It is well-known that insurance applications ask about the smoking of tobacco. Here is an example:
1 Do you use tobacco in any form? 2 If yes, what type of product(s) have you used? 2a Cigarette? 2b Cigar ? 2c Pipe? 2d Smokeless? 3 Are you currently using a nicotine delivery system? 4 Has the proposed insured used nicotine in the past 12 months?
It is also well known that smokers can pay twice the price (or more!) as non-smokers. Clearly, there is a big financial incentive to get non-smoker rates.
So do people lie about their smoking when they apply for life insurance? Take a guess.
The answer is yes, many do. A recent study James Palmier, MD, of Quest Diagnostics shows that not only do people lie, but most of the lying takes place within specific groups of people: males below age 30 and above age 60, who reside in certain states, and who purchase face amounts of $500,000 and higher.
Why is that? Here is one explanation provided by Dr. Palmier:
A possible reason behind these findings (other than overt misrepresentation) may be that young adults self-identification as users remains ambivalent, while in old ages, embarrassment from non-compliance with medical orders to abandon the nicotine habit mounts.
So younger people aren’t quite sure if they consider themselves smokers – even if they do smoke – and older people don’t want to admit it because their doctor had told them to stop.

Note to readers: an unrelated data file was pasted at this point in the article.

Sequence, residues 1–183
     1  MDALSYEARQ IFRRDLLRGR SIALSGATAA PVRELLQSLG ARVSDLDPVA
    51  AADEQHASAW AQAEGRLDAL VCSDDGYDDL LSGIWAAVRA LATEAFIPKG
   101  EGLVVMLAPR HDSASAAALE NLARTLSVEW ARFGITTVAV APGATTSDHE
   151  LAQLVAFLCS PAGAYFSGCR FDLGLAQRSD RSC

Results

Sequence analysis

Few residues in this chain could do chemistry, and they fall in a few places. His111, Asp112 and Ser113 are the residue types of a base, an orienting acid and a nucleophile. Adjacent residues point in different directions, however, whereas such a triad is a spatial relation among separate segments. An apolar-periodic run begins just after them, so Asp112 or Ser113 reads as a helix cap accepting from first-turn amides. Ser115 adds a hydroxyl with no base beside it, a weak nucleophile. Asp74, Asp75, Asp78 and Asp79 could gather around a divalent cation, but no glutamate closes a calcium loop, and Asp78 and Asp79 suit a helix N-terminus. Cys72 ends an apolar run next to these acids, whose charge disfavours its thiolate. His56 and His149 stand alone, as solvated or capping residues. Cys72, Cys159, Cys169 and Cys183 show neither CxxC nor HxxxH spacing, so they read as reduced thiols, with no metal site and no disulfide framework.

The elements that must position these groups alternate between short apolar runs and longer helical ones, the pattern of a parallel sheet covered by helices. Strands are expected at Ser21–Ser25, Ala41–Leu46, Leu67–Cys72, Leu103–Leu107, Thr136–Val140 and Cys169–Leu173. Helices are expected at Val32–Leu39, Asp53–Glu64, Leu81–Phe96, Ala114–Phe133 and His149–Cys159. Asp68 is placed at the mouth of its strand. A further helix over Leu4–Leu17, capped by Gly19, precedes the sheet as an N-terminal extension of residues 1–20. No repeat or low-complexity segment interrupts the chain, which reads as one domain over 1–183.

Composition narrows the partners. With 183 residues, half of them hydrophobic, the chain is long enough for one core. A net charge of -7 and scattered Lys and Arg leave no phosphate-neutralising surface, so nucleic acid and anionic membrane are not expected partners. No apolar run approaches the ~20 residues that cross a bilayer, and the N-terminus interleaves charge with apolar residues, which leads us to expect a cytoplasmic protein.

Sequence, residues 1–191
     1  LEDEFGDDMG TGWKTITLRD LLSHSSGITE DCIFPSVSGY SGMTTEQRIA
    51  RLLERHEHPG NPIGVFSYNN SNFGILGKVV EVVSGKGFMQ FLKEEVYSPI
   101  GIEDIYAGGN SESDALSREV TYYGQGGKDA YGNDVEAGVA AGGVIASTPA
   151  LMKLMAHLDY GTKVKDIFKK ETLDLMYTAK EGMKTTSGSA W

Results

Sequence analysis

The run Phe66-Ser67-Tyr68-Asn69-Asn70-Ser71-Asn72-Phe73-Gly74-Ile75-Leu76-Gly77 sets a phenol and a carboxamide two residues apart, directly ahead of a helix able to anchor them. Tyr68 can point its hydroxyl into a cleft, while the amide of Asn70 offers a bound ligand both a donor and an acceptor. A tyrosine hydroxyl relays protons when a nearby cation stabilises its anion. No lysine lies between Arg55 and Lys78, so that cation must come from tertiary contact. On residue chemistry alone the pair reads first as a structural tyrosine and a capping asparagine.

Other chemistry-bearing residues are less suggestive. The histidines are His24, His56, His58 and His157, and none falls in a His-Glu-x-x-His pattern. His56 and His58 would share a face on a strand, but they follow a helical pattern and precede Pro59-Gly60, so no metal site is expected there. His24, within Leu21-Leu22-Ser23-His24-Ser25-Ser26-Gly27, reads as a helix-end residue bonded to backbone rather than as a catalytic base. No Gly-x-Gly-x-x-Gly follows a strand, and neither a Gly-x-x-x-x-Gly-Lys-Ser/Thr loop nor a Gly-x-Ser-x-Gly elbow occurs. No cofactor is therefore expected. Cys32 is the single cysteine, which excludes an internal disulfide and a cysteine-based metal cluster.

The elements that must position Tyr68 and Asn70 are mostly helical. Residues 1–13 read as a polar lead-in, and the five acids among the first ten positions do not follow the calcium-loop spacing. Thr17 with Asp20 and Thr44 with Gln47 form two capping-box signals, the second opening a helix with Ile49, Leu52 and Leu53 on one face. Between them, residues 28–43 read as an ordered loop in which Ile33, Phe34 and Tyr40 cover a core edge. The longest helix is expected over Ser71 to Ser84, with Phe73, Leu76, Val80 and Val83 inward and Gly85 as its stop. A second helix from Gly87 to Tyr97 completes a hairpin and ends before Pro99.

Can all this misrepresentation effect the rates for life insurance? Dr. Palmier says yes, indeed, it can:
While the majority of biochemically confirmed tobacco users accurately report their status (self-reporting sensitivity is 80.7%), the remaining large minority of false-negative self-reporting cases would be more than sufficient to undermine the pricing assumptions of most life insurance products if accepted as truthful by underwriters.
It’s pretty simple: underwriters are basing rates on what they believe to be truthful disclosures by applicants. Unfortunately, so many smokers are not being truthful that these assumptions are thus being undermined. So what would happen then? Very possibly a huge rate increase when your term policy renews, as well as a huge increase in new business rates for new applicants.
They say that the truth hurts, but in this case, the untruth can hurt more. What do you think about this situation?